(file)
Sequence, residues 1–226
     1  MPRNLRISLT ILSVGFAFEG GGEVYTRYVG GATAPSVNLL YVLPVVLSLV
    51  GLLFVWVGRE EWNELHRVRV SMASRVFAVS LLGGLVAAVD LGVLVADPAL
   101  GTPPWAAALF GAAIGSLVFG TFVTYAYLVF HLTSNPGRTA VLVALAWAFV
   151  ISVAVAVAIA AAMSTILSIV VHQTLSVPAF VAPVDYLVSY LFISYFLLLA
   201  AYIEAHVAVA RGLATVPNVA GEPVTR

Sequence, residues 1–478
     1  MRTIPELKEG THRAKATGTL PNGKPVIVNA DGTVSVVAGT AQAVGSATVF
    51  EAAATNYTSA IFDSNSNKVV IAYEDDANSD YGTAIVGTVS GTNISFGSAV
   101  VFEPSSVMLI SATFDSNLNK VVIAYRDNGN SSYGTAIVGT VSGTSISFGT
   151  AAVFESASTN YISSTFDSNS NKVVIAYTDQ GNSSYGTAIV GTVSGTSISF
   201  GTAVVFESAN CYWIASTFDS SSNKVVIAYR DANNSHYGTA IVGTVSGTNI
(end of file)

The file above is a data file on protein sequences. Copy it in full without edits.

Sequence, residues 1–226
     1  MPRNLRISLT ILSVGFAFEG GGEVYTRYVG GATAPSVNLL YVLPVVLSLV
    51  GLLFVWVGRE EWNELHRVRV SMASRVFAVS LLGGLVAAVD LGVLVADPAL
   101  GTPPWAAALF GAAIGSLVFG TFVTYAYLVF HLTSNPGRTA VLVALAWAFV
   151  ISVAVAVAIA AAMSTILSIV VHQTLSVPAF VAPVDYLVSY LFISYFLLLA
   201  AYIEAHVAVA RGLATVPNVA GEPVTR

Sequence, residues 1–478
     1  MRTIPELKEG THRAKATGTL PNGKPVIVNA DGTVSVVAGT AQAVGSATVF
    51  EAAATNYTSA IFDSNSNKVV IAYEDDANSD YGTAIVGTVS GTNISFGSAV
   101  VFEPSSVMLI SATFDSNLNK VVIAYRDNGN SSYGTAIVGT VSGTSISFGT
   151  AAVFESASTN YISSTFDSNS NKVVIAYTDQ GNSSYGTAIV GTVSGTSISF
   201  GTAVVFESAN CYWIASTFDS SSNKVVIAYR DANNSHYGTA IVGTVSGTNI